The Link Between Life Expectancy And Hearing Loss

Woman improving her life expectancy by wearing hearing aids and working out is outside on a pier.

Most people just accept hearing loss as a part of getting old like gray hair or reading glasses. But a study from Duke-NUS Medical School reveals a link between general health and hearing loss.

Communication problems, cognitive decline, and depression have a higher occurrence in senior citizens with vision or hearing loss. That’s something you may have already read about. But one thing you might not be aware of is that life expectancy can also be influenced by hearing loss.

People with neglected hearing loss, according to this study, might actually have a reduced lifespan. And, the possibility that they will have a hard time performing activities needed for daily life nearly doubles if the person has both hearing and vision impairment. It’s a problem that is both a physical and a quality of life issue.

While this may sound like bad news, there is a silver lining: hearing loss, for older adults, can be managed through a variety of methods. More significantly, serious health issues can be revealed if you have a hearing exam which could inspire you to lengthen your life expectancy by paying more attention to your health.

Why is Hearing Loss Linked With Poor Health?

Research certainly reveals a connection but the accurate cause and effect isn’t well known.

Researchers at Johns Hopkins note that other problems like greater risk of stroke and heart disease were observed in older individuals who had hearing loss.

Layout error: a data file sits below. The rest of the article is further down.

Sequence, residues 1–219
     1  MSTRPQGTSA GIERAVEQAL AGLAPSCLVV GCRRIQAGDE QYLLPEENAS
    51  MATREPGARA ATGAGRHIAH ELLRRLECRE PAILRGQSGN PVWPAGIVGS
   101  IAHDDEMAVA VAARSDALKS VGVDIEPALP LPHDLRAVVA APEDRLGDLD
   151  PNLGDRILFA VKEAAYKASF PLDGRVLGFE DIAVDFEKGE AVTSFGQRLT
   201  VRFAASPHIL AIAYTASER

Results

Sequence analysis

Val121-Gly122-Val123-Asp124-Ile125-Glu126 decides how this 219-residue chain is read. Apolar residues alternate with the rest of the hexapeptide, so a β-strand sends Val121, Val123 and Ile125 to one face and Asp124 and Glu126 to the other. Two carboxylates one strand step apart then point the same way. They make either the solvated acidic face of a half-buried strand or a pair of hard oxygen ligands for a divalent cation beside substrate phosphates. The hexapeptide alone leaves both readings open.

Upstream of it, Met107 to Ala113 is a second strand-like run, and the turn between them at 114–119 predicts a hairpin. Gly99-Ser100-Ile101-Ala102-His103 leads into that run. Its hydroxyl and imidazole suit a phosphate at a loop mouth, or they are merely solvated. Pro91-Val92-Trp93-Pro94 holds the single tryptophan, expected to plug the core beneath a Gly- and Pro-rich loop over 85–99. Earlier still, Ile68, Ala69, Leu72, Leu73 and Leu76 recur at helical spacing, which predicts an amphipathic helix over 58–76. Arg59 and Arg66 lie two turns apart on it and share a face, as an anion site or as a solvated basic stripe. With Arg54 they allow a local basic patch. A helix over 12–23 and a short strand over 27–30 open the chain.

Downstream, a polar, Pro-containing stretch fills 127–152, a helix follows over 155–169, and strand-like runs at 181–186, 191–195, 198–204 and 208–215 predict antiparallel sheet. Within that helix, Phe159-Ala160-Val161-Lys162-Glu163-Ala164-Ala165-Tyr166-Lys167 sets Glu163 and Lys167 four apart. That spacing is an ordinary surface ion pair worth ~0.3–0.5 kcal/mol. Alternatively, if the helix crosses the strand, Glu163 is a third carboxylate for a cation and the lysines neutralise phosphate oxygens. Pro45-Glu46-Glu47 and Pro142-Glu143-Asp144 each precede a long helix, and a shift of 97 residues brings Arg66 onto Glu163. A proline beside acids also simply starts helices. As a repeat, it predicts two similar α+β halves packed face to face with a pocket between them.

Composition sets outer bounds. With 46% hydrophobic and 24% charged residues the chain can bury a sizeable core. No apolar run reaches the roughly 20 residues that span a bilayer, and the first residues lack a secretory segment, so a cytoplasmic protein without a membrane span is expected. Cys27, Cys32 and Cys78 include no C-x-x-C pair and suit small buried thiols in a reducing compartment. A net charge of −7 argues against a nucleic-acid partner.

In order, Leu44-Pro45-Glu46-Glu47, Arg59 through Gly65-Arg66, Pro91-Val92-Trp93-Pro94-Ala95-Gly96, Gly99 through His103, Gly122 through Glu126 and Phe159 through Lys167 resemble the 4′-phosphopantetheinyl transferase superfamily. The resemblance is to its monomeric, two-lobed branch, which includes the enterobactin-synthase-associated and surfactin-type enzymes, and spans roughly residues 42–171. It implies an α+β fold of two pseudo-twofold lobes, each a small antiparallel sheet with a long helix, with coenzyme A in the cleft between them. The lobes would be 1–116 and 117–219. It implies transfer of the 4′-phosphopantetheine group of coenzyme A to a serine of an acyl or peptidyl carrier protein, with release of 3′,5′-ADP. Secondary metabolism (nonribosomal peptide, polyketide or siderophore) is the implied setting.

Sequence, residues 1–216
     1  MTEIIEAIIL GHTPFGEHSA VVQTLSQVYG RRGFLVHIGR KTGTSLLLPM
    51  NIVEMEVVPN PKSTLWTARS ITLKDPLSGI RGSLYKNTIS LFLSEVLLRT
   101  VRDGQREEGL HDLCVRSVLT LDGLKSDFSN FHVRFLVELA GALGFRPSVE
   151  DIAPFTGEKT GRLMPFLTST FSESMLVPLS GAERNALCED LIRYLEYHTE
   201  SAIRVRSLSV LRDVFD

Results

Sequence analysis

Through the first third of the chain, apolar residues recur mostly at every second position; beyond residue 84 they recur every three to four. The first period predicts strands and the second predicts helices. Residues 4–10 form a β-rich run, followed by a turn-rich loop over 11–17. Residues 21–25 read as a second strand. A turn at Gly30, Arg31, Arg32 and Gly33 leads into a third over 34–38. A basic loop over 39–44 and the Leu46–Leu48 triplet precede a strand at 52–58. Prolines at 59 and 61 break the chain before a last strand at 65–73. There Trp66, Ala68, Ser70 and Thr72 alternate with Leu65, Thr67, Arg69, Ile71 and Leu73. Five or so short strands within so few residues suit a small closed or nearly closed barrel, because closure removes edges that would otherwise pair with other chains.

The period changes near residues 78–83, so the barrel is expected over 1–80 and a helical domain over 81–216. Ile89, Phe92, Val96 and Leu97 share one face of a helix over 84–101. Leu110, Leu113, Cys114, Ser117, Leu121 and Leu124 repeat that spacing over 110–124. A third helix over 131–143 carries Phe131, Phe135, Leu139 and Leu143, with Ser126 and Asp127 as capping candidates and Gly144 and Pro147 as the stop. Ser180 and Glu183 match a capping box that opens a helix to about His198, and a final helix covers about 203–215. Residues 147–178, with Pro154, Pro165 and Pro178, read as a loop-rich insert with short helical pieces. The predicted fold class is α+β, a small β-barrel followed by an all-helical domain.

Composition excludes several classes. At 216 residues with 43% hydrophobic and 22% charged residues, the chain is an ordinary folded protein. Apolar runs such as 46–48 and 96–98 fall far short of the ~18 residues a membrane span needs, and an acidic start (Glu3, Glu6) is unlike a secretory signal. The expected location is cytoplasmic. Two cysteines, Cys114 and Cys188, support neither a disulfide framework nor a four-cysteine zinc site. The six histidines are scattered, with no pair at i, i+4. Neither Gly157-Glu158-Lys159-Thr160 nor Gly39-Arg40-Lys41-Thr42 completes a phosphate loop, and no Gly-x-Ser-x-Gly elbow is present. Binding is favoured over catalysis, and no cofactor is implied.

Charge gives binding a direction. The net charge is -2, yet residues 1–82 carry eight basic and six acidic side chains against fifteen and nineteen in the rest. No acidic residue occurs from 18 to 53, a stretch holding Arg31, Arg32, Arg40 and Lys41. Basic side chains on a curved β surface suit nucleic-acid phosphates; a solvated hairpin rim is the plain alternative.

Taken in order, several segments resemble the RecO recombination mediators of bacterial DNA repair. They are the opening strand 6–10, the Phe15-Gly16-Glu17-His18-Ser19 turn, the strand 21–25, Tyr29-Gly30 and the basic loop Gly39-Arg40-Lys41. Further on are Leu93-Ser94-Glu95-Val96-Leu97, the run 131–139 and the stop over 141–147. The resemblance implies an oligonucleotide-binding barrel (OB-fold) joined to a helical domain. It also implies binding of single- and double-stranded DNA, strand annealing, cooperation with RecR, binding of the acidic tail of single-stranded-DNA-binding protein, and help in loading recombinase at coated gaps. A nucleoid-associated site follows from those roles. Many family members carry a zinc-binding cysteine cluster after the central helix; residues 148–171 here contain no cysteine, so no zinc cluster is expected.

These results make sense when you know more about the causes of hearing loss. Many cases of tinnitus and hearing loss are tied to heart disease since high blood pressure impacts the blood vessels in the ear canal. When the blood vessels are shrunken – which can be due to smoking – the blood in the body has to push harder to keep the ears (and everything else) functioning which produces higher blood pressure. High blood pressure in older adults with hearing impairment frequently causes them to hear a whooshing noise in their ears.

Hearing loss has also been connected to dementia, Alzheimer’s disease, and other forms of cognitive decline. There are numerous reasons for the two to be connected according to health care professionals and hearing specialists: for starters, the brain needs to work harder to differentiate words in a conversation, which allows less mental capacity to actually process the words or do anything else. In other scenarios, difficulty communicating causes people who suffer from hearing loss to be less social. This social separation leads to anxiety and depression, which can have an extreme impact on a person’s mental health.

How Older Adults Can Treat Hearing Loss

Older adults have a few options for treating hearing loss, but as is revealed by research, it is smart to tackle these concerns early before they impact your general health.

Hearing aids are one kind of treatment that can work wonders in fighting your hearing loss. There are small discreet models of hearing aids that are Bluetooth ready and an assortment of other options are also available. What’s more, hearing aid technology has been improving basic quality-of-life issues. For instance, they filter out background sound a lot better than older versions and can be connected to computers, cell phones, and TV’s to allow for better hearing during the entertainment.

Older adults can also visit a nutritionist or consult with their primary care physician about changes to their diet to help counter additional hearing loss. There are connections between iron deficiency anemia and hearing loss, for instance, which can frequently be treated by adding more iron into your diet. Changes to your diet could also positively impact other health conditions, resulting in an overall more healthy lifestyle.

The site information is for educational and informational purposes only and does not constitute medical advice. To receive personalized advice or treatment, schedule an appointment.